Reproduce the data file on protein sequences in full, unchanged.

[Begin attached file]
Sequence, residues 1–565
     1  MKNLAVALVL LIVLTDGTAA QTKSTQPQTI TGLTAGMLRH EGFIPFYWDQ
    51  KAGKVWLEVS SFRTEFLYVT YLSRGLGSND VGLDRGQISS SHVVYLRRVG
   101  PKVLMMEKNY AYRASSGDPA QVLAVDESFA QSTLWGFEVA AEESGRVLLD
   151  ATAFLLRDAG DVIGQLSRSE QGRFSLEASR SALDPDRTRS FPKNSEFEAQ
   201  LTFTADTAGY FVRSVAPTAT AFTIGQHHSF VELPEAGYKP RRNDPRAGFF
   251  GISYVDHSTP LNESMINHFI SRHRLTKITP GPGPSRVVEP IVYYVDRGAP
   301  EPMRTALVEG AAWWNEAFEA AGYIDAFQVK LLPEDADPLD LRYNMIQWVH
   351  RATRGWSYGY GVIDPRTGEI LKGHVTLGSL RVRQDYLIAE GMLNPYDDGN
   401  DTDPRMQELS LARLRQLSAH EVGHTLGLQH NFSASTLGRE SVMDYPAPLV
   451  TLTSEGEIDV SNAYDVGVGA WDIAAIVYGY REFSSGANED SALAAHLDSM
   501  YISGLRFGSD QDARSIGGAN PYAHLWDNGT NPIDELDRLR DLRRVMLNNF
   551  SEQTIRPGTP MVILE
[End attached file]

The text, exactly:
Sequence, residues 1–565
     1  MKNLAVALVL LIVLTDGTAA QTKSTQPQTI TGLTAGMLRH EGFIPFYWDQ
    51  KAGKVWLEVS SFRTEFLYVT YLSRGLGSND VGLDRGQISS SHVVYLRRVG
   101  PKVLMMEKNY AYRASSGDPA QVLAVDESFA QSTLWGFEVA AEESGRVLLD
   151  ATAFLLRDAG DVIGQLSRSE QGRFSLEASR SALDPDRTRS FPKNSEFEAQ
   201  LTFTADTAGY FVRSVAPTAT AFTIGQHHSF VELPEAGYKP RRNDPRAGFF
   251  GISYVDHSTP LNESMINHFI SRHRLTKITP GPGPSRVVEP IVYYVDRGAP
   301  EPMRTALVEG AAWWNEAFEA AGYIDAFQVK LLPEDADPLD LRYNMIQWVH
   351  RATRGWSYGY GVIDPRTGEI LKGHVTLGSL RVRQDYLIAE GMLNPYDDGN
   401  DTDPRMQELS LARLRQLSAH EVGHTLGLQH NFSASTLGRE SVMDYPAPLV
   451  TLTSEGEIDV SNAYDVGVGA WDIAAIVYGY REFSSGANED SALAAHLDSM
   501  YISGLRFGSD QDARSIGGAN PYAHLWDNGT NPIDELDRLR DLRRVMLNNF
   551  SEQTIRPGTP MVILE